Digital voice recorders that go on forever

Sony's ICD-SX77 voice recorder can store up to 375 hours of audio thanks the use of a special compression codec

With recording times stretching to over a fortnight, Sony's solid-state voice recorders set new standards.

Podcasters are likely to spontaneously combust when they set eyes on the newest digital voice recorders from Sony Japan . Also known as IC recorders, Sony's models use proprietary compression technology for impressive quality, while allowing for extremely long recording times.

The newcomers are the JPY25,000 (£106) ICD-SX77, with 1GB of memory onboard, and the JPY20,000 (£84) ICD-SX67, which has half the storage space. As with previous IC recorders from Sony, these will be available outside Japan in a few months, albeit at around double the price.

Excitation predicted

Both machines use Sony's own LPEC codec - an acronym for Long Term Predicted Excitation - allowing the 1GB model to squeeze in up to 375 hours of audio on the lowest setting. Even at top quality, it still manages over 17 hours. And we'll conveniently ignore the fact that the juice in the rechargeable batteries will stretch only to around 24 hours.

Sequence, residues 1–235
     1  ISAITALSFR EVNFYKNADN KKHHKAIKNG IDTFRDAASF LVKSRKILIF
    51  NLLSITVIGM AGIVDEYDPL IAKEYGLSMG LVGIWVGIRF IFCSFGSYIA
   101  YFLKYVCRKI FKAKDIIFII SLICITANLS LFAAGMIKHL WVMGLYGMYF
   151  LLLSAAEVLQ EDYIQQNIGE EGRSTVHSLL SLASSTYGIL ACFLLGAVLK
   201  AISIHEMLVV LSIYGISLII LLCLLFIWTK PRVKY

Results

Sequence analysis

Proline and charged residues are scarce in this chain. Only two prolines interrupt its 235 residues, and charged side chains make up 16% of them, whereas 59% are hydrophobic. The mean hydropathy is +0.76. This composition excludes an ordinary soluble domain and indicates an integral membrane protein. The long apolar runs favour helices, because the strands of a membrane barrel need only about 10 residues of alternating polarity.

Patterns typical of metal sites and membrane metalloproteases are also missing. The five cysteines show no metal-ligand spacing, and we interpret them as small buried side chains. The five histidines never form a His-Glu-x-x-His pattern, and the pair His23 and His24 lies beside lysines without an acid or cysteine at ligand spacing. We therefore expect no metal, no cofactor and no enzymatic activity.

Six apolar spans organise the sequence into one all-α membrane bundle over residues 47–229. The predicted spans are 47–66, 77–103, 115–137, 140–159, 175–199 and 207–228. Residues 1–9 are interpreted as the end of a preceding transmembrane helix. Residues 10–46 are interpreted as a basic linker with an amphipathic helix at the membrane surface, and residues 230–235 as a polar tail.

Thankfully, the recorders can play back MP3 files as well as LPEC audio and software is included for editing LPEC recordings that allows data to be exported in the more universal MP3 format.

On the hardware front, the SX67 and 77 use the same three-microphone arrangement we've seen before from Sony to lay down full stereo recordings. A stand with a standard camera screw for attaching to a tripod is included to make it simple to position a recorder next to a musical instrument or performer. Perfect for bootleggers then.